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Understanding Feline Diabetes

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Feline Diabetes

What is Feline Diabetes Mellitus?

A. Feline diabetes is similar to type 2 diabetes in humans
B. The insulin produced does not allow the body’s cells to take up all of the glucose available
C. Characterized by non-insulin dependence, meaning that they do not respond to insulin to reduce the glucose in blood

This is why regulating cats has always been so difficult.

D. One in 200 cats has diabetes, and the incidence is increasing

Risk Factors for the Development of Type 2 Diabetes Mellitus in Cats

A. Age: 8-12 years old are more likely to develop signs of diabetes
B. Sex: Male cats are twice as more likely to develop diabetes

This is because they have more visceral fat (fat in the abdominal cavity)

C. Obesity
D. Free choice feeding (leaving food out all day for cats to nibble on)
E. High carbohydrate diets

Signs of Diabetes in Cats

A. Early Signs

  • Polyphagia—eating excessively.
  • Diabetic CatObesity
  • Neuropathy (Inappropriate urination, irritability, lameness)
  • Hyperthyroidism

B. Late Signs

  • Polyuria (drinking water excessively) and Polydipsia (excessive urination)
  • Gait abnormalities
  • Weight Loss and/or Anorexia (not eating)
  • Vomiting and/or diarrhea

Why Are Cats More Prone To Type 2 Diabetes Than Other Species?

A. Cats are obligate carnivores
B. Cats are unable to digest and use carbohydrates
C. Cats have a tremendous ability to make glucose from protein.
D. The cat’s liver has no glucokinase activity, which is what is needed to break down glucose.
E. Cats have limited ability to “mop up” excess glucose and store glycogen

Therefore, glucose hangs around longer after eating, increasing blood glucose levels.

F. For 15 minutes after eating, cats do not produce insulin.

Treatment Goals

A. Relieve Insulin Resistance

  • Feeding low carbohydrate diets.
  • By reducing obesity

B. Reverse glucose toxicity of the pancreas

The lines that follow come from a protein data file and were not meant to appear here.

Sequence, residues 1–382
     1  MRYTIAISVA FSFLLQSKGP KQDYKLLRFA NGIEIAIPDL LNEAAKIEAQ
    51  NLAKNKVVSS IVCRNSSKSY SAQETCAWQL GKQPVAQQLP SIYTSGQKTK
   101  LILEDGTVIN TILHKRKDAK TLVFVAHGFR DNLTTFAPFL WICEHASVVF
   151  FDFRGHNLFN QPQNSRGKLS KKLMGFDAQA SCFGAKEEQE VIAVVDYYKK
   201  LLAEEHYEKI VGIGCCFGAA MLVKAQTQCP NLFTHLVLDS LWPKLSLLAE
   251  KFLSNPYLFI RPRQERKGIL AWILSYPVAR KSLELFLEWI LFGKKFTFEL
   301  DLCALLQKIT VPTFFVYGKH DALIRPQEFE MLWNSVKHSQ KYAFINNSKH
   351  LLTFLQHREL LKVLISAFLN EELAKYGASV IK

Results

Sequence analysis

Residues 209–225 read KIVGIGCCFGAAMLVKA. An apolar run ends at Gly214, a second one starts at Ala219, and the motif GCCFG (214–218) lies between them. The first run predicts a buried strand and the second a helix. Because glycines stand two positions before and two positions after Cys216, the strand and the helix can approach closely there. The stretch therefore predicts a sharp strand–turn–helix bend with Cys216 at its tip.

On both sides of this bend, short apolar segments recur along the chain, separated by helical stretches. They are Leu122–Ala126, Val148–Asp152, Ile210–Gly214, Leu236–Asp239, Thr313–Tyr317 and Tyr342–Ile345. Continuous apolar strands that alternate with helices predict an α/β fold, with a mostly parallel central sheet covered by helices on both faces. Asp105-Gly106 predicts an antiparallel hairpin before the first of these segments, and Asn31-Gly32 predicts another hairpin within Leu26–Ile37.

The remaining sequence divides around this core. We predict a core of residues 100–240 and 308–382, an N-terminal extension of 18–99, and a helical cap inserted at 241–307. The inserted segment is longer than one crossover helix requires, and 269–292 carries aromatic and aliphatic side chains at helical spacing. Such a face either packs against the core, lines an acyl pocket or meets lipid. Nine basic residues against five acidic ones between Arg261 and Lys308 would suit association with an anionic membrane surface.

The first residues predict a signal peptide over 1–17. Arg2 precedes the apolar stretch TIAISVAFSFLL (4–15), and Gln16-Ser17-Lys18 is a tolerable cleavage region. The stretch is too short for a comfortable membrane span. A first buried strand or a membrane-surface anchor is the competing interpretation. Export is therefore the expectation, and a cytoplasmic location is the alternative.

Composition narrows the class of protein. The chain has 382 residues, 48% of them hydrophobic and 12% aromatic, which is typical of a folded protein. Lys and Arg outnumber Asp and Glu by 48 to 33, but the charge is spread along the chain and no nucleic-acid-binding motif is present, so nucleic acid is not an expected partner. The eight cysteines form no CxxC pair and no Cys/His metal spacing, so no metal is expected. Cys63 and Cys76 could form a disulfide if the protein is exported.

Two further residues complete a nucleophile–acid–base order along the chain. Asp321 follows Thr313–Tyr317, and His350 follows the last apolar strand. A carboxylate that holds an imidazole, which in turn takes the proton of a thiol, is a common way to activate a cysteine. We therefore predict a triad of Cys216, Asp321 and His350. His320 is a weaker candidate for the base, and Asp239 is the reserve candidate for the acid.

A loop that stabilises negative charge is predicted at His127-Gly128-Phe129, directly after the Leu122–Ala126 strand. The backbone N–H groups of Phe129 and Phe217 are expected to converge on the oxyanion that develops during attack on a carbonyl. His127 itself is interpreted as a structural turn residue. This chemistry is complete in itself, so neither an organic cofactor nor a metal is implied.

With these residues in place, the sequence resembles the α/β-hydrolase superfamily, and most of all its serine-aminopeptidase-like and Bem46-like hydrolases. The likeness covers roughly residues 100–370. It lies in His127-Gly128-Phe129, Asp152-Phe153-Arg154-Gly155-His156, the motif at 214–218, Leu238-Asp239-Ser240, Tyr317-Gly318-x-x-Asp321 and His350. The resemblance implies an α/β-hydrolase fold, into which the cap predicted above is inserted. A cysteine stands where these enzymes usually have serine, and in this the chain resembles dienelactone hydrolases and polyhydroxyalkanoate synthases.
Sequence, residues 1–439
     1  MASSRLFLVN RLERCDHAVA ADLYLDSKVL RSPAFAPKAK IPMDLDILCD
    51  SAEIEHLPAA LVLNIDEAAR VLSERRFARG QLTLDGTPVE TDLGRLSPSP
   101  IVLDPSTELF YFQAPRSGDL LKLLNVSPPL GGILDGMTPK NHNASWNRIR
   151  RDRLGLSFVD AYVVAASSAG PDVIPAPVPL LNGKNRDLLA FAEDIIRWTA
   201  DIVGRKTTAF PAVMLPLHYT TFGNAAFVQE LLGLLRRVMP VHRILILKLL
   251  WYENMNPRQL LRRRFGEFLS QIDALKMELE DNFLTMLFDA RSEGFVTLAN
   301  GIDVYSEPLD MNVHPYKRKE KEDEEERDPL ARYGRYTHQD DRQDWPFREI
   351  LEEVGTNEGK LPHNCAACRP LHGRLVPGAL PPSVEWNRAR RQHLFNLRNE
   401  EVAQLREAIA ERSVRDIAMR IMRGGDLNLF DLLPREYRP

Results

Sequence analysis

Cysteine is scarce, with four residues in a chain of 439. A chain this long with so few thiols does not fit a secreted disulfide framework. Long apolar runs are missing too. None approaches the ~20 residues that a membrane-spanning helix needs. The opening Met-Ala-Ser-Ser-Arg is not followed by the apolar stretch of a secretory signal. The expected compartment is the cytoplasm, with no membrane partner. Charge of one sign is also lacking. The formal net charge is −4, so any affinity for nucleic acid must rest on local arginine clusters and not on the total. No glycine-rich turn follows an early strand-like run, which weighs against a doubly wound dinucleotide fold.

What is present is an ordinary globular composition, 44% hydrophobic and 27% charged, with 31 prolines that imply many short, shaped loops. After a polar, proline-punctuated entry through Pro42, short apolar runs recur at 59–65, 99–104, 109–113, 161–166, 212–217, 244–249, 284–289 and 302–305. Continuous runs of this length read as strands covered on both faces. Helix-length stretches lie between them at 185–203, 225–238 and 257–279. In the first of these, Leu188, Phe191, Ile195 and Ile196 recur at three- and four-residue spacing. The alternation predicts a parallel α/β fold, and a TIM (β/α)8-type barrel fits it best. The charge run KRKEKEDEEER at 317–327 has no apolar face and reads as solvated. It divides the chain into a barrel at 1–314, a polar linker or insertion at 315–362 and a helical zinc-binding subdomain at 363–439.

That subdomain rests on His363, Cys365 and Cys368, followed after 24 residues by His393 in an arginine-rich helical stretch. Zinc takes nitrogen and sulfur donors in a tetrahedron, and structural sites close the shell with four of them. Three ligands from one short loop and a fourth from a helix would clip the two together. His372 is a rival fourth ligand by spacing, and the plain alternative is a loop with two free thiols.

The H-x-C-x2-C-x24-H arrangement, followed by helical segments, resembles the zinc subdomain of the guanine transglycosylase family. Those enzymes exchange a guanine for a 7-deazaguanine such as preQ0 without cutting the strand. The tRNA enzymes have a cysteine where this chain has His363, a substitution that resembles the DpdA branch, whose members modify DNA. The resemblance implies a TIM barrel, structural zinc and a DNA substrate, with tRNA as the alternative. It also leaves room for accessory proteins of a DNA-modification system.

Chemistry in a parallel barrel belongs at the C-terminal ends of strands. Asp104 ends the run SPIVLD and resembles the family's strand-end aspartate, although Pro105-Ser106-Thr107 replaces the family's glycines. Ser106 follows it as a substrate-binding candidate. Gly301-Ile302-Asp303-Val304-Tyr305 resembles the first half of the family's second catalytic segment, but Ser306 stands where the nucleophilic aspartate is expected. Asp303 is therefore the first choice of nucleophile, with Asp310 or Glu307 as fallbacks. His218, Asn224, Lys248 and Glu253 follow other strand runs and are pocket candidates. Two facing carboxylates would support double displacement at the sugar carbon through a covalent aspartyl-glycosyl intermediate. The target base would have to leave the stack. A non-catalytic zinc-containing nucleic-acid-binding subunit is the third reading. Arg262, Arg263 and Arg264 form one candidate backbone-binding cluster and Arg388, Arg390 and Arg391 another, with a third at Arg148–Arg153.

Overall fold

• By using Insulin therapy, no more than 2 units twice a day
  • Insulin should be given in the leg, not in the scruff.

C. It is possible to get up to 75 percent of cats OFF OF INSULIN ENTIRELY!

How to Meet These Treatment Goals

A.Diet Management

  • Feed a high protein, high fat, low carbohydrate diet.
  • Most canned foods already fulfill these dietary requirements.
  • No canned foods with rice, corn, or sauces because they increases carbohydrate content
  • The perfect diet for a cat is a whole mouse. Purina DM canned diet has the same composition of a mouse.

B. Reducing Obesity

  • Free choice feeding is not recommended.
  • Recommend feeding two meals daily, and take up whatever kitty does not eat
  • To maintain weight, feed 30 kilocalories per kilogram of body weight per day divided into two meals.

C. Monitoring Glucose

  • Owners monitor urine glucose at home using Glucotest.
  • Test fructosamine and glucose levels once monthly at clinic to determine if insulin dosage should be altered.

Fructosamine Testing

A. Why test fructosamine and not perform glucose curves?

In cats, glucose levels do not follow meal times. They spike and dip throughout the day.

Therefore, testing glucose at any given time can give an inaccurate picture of how much sugar is in the bloodstream.

Fructosamine is a sugar that is bound to protein. Therefore it is the system much longer (1-2 weeks). Testing the fructosamine will give an average level of sugar in the bloodstream over a 1 to 2 week period.

Cats must be fasted prior to blood draw. This will reduce the fat content of the serum which affects test results.

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